Planning for birth with PGP involves considering many aspects. You may have concerns about how you will give birth, and we find that women find it very helpful to have a clear plan of what they would like to do before they go into labour.

The ideal is a straightforward birth which does not last too long, avoids intervention such as induction, epidural and assistance with the birth, and controls the position of your legs, avoiding being on your back with legs in stirrups (the lithotomy position). The most helpful positions are ‘active birth’ positions, using gravity to help the baby to move through the cervix, which include labour and birth on all fours, lying on one side or in water in a birthing pool.

  • Labour and birth in water can be ideal with PGP as it allows you to move easily to turn over and change position. You also have the normal benefits of pain relief through the warmth and support of the water.
  • Induction of labour may increase your need for pain relief as the contractions are usually stronger than a labour which starts on its own. This can lead to the ‘cascade of intervention’ which means that because of the strong contractions you need more pain relief such as an epidural. This, in turn, makes you less mobile, which slows down your labour and increases the chance that your baby may become distressed and need to be born quickly with the help of forceps, ventouse or caesarean section. Most women find that it is best to avoid starting this route if you already have a painful pelvis. Therefore, it is important to discuss with your team what you will do in the event of needing more intervention.
  • The ideal birth for someone with PGP is a straightforward labour where they can move around and change position, using normal active birth movements but avoiding over-stretching any painful joints. This often means that squatting can be uncomfortable, but birth balls, birthing stools or birthing pools may be very helpful. Using these, your labour should progress straightforwardly and reasonably quickly, and your baby should be in a good position for birth.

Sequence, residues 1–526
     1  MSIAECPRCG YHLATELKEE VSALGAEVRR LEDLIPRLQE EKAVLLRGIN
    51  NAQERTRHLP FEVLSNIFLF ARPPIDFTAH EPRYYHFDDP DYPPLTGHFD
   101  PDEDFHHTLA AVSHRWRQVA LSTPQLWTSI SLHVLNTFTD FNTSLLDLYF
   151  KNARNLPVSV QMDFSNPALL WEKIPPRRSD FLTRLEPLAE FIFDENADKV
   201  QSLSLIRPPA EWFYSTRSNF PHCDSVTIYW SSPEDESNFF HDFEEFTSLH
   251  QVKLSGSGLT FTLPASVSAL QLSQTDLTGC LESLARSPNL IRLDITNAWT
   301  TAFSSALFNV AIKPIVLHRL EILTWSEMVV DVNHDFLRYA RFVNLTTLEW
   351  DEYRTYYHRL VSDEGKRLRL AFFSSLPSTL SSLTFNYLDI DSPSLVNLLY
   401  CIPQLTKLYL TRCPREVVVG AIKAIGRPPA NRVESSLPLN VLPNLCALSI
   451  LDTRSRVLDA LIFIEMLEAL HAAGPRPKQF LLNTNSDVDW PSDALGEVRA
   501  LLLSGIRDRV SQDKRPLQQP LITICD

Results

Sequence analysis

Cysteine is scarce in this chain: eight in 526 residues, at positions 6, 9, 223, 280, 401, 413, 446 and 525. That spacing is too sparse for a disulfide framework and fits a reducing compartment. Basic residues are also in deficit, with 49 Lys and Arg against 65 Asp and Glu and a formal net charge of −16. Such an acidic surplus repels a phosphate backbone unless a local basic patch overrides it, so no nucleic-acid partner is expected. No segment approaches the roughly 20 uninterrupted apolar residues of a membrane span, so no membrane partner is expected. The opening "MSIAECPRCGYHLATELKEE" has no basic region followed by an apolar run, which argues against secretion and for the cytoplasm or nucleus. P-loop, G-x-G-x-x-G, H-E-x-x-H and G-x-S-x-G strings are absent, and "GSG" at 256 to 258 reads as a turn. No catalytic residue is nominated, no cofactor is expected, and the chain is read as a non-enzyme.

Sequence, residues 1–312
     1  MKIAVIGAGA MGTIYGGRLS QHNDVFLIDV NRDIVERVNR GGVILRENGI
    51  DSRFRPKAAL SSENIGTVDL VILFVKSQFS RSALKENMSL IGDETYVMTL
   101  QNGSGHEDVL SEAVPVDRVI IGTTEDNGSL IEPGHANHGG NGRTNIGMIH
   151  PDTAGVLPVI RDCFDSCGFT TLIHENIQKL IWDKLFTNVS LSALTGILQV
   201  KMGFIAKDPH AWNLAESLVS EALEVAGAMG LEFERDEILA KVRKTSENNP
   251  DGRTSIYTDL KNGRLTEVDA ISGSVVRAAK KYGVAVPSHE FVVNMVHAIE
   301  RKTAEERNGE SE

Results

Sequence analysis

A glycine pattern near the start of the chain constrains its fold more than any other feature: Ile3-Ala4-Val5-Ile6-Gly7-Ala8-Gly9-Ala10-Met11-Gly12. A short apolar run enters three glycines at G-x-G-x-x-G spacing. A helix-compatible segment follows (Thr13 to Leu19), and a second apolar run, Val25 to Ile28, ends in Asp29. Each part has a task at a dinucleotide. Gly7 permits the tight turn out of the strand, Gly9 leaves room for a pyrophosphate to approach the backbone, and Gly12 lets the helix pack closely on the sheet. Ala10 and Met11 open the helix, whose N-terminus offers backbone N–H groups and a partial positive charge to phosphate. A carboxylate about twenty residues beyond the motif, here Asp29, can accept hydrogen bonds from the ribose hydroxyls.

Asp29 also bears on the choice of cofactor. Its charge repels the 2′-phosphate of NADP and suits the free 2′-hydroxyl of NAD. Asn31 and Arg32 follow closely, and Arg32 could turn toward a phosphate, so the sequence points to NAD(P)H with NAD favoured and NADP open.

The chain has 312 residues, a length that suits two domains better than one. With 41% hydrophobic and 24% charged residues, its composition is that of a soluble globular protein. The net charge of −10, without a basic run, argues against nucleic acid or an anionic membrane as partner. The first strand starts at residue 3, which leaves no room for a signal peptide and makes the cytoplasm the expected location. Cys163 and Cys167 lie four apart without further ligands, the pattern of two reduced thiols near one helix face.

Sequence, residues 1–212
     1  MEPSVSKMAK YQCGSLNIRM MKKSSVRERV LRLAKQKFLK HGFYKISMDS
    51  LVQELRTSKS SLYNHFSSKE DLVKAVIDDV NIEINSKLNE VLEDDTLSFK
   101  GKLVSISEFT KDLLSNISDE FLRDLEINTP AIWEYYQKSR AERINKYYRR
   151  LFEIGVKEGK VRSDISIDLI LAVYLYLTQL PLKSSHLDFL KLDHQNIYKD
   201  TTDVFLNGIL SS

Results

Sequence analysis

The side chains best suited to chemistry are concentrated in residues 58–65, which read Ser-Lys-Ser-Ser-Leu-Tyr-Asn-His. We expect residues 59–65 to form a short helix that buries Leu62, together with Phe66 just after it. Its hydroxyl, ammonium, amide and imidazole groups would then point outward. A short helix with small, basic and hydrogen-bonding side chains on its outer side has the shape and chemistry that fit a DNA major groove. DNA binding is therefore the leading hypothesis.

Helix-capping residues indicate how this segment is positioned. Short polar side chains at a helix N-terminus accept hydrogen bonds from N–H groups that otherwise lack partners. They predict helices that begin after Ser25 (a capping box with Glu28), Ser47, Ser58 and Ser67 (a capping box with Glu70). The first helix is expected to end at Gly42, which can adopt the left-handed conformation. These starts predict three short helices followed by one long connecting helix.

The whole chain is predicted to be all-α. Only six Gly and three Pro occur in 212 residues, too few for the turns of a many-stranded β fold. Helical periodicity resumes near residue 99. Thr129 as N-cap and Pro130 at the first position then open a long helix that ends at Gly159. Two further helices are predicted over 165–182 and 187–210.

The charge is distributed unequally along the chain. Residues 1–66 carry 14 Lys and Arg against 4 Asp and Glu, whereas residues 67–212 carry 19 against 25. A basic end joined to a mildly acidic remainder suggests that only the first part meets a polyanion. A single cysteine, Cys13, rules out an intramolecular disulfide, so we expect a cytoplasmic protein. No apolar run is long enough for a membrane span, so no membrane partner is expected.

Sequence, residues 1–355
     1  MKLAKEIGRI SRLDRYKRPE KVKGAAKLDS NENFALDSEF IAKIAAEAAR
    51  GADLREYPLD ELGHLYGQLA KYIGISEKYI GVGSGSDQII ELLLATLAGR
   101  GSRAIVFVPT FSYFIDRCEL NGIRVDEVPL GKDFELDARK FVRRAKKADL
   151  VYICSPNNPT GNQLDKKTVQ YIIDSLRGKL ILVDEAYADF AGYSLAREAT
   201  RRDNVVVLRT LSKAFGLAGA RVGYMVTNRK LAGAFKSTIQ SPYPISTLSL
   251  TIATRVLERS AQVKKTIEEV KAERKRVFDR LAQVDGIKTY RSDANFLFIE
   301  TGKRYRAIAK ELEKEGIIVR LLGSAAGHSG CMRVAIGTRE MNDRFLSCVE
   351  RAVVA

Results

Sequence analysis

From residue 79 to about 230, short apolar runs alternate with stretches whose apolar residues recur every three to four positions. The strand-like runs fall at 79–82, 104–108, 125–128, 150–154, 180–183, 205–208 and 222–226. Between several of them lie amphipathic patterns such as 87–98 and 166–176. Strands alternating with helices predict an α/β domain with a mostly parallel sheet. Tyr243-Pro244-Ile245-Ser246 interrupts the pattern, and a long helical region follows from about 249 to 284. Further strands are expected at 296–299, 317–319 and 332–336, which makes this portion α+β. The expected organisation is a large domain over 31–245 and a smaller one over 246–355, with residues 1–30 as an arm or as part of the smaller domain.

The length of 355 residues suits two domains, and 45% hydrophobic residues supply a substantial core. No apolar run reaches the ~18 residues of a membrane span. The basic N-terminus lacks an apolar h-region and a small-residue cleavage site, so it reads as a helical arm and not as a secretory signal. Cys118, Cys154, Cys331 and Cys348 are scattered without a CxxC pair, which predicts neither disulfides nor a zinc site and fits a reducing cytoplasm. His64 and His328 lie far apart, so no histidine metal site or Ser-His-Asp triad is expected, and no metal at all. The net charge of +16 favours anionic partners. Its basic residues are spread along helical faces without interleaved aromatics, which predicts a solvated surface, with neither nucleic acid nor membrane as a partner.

• Anything that indicates that it is going to be a long labour or that intervention is likely may make you wish to consider an elective caesarean section at an earlier stage than it might otherwise be done, to avoid the need for forceps or ventouse.
  • We receive a large number of calls from women who have had a forceps birth in a previous birth and have experienced an increase in symptoms as a result. Experts therefore suggest avoiding the use of forceps unless absolutely necessary.
  • Vaginal examinations, stitching and even ventouse and forceps can all be done by an experienced midwife or doctor with you lying on your side – again, it is worth exploring what your options might be should you need any of these.
  • We have found that the women who have the best outcomes, both physically and emotionally, are the ones who have made an informed choice to have either a vaginal or a caesarean birth.
  • Women seem to cope better, even when they still have symptoms afterwards, if they feel they made their own choice that was best for them in the circumstances and that they were supported in this choice.

Content reviewed and updated in 2017.

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The Pelvic Partnership consists of volunteers who have had Pelvic Girdle Pain (PGP) and wish to support other women. We aim to pass on information based on both research and the experience of other women with PGP. We are not medical professionals and cannot offer medical advice and the information we provide should not take the place of advice and guidance from your own health-care providers. Material on this site is provided for information and support purposes only.

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